The runaway train that is real estate in Horowhenua has the average house price flirting with the half-million-dollar mark.
Fuelled by record-low interest rates and increased demand, the housing market has exploded. In some areas of the province, sale prices had increased by more than 40 per cent in the last year.
Median house prices in the Horowhenua District increased from $375,000 to $470,000 for the period ending October 2020 - an average rise across the district of 25.3 per cent in one year.
In mid-2016, the median price was just $195,500. The average price in Horowhenua in October 2018 was $305,000.
Some pockets had seen more sales and a bigger sale price increase than other areas. The Kere Kere ward, which is the Foxton and Foxton Beach area, had seen an average increase of 40.5 per cent in the last year and now boasts an average price of $461,000.
Houses in Levin township had a sale price rise of 24.7 per cent in the last year, with an average sale price last month of $467,500, although sale prices in the Waiopehu ward had risen by just 3.1 per cent in the same period, to $567,000.
Figures released by the Real Estate Institute of New Zealand this week show Horowhenua to be a frontrunner in a national market that is already running hot.
A three-bedroom home in central Levin with one bathroom last week sold for $650,000.
Horowhenua properties are now selling much quicker, too. Where a property might have sat on the market for months, they were now being snapped up within weeks.
Most are listed as deadline sales now and are attracting multiple offers, giving vendors the luxury of weighing up the merits of each offer. Some are only on the market for days.
Where properties were once advertised with a price tag that was open to negotiation, most were listed now with a BEO price, or "buyer enquiries over".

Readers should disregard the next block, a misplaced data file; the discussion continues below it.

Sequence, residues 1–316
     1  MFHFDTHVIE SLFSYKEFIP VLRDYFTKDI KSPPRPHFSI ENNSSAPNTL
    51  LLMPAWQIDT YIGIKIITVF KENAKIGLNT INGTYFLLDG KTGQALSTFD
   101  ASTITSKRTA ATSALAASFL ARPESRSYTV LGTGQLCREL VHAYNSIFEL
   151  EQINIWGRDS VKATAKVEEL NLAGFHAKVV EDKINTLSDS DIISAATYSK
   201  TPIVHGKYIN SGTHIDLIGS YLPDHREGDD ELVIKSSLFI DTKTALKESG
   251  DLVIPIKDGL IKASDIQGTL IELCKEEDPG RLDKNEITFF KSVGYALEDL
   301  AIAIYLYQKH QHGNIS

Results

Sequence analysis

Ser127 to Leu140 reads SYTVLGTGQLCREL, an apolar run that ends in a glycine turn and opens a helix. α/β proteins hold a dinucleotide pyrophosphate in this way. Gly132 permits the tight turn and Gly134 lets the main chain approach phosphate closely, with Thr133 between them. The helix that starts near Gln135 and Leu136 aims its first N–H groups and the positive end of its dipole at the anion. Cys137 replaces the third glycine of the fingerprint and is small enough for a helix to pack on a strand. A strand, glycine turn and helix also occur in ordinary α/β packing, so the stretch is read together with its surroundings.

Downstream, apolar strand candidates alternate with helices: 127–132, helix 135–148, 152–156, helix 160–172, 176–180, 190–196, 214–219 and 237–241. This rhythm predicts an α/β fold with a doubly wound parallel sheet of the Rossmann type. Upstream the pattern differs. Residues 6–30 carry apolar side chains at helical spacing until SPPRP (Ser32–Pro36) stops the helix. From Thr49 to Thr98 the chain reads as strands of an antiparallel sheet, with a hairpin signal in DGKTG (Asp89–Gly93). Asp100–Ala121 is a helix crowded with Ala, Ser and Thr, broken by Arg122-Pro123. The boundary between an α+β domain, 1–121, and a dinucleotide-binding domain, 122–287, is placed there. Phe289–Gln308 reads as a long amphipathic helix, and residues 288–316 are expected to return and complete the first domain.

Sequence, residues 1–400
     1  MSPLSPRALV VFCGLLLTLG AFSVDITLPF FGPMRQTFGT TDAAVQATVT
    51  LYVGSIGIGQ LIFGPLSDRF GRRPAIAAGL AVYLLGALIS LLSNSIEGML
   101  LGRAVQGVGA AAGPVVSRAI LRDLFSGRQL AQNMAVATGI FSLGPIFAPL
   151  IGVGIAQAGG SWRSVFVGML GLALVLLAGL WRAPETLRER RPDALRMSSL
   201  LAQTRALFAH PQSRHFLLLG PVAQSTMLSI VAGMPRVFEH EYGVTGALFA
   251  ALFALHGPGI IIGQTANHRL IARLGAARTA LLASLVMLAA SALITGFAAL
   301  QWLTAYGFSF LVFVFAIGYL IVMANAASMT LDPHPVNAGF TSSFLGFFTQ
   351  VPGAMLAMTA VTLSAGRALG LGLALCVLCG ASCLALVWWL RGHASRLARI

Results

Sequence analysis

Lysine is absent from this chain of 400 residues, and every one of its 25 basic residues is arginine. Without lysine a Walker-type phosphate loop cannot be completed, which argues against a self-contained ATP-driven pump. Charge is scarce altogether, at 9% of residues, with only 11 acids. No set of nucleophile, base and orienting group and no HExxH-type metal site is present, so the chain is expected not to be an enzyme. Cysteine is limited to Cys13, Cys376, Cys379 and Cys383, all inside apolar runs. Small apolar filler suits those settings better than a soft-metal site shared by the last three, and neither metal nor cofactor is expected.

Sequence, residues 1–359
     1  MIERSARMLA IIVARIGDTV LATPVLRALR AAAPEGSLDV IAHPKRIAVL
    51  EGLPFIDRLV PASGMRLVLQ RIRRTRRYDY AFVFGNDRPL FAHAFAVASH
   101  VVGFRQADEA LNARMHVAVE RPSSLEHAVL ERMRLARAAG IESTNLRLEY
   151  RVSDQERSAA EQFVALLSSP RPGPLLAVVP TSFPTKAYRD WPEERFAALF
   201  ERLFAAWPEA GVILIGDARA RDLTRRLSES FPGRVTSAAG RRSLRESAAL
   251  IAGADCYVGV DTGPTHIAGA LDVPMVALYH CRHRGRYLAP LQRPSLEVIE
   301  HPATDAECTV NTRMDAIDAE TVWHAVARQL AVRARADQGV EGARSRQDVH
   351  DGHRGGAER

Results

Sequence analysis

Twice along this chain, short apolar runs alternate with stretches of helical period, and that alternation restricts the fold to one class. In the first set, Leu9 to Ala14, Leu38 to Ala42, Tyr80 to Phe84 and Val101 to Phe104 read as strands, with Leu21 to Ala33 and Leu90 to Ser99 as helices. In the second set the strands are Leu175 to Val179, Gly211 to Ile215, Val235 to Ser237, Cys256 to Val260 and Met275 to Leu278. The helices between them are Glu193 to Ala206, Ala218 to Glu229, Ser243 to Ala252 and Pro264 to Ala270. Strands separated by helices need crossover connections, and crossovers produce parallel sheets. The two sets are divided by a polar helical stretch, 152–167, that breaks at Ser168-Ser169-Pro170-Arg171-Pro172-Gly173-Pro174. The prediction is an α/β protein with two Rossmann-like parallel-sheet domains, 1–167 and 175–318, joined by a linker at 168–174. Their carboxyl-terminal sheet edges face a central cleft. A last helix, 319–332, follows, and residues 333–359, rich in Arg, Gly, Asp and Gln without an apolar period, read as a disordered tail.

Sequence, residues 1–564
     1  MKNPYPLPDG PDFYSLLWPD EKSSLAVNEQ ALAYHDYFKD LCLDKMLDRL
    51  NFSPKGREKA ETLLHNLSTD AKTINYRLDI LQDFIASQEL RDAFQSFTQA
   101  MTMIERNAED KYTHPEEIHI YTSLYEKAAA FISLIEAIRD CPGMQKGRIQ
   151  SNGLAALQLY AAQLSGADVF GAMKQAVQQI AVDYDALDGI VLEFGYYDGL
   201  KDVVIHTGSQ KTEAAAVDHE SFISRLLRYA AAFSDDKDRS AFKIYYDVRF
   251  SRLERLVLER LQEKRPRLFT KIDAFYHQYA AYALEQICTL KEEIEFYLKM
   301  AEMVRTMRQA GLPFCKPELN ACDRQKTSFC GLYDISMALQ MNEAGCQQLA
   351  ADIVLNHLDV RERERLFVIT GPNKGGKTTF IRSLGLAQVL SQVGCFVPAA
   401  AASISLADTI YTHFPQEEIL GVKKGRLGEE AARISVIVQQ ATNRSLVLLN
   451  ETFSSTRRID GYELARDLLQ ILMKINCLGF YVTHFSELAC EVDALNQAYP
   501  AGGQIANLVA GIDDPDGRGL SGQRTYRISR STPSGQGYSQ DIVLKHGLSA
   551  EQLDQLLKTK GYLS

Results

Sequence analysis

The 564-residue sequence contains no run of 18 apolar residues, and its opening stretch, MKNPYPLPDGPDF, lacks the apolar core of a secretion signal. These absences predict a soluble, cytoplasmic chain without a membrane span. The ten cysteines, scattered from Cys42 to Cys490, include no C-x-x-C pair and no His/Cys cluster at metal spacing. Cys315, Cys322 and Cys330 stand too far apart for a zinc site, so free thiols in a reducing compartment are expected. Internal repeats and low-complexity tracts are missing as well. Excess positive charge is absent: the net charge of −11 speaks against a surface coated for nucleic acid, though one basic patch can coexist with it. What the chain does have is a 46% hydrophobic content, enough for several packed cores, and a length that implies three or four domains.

Sale prices were now so far above a home's Quotable Valuation, the QVs were in danger of becoming obsolete as a reference.
REINZ chief executive Bindi Norwell said the market was driven by demand and a lack of housing and there was no sign of a slowdown in sight.
"Unless there is a significant number of new listings come to the market then we would expect to see continued pressure on pricing and affordability in the coming months," she said.
"Like many parts of the country, Horowhenua District saw house prices increase to a new record median price of $470,000 in October, showing just how strong the property market has been over the last few months in this post-Covid environment.
"Open homes are busy, particularly with new listings, which is resulting in quick sales with the median number of days it takes to sell a property in the Horowhenua District currently sitting at just over three weeks [22 days], the same as last October, but down from 48 days in June.
"Demand for good properties is across the board, with strong interest from first-home buyers, investors and locals looking to up/downsize and take advantage of the record-low interest rates and low mortgage rates available from the banks."
There is no doubt Covid-19 was affecting house prices, too, with many expatriate New Zealanders looking to return home.
Real estate agents had reported fielding calls from people in quarantine, while one overseas buyer was looking to return to Levin after living abroad and purchased a property worth almost $900,000 - sight unseen.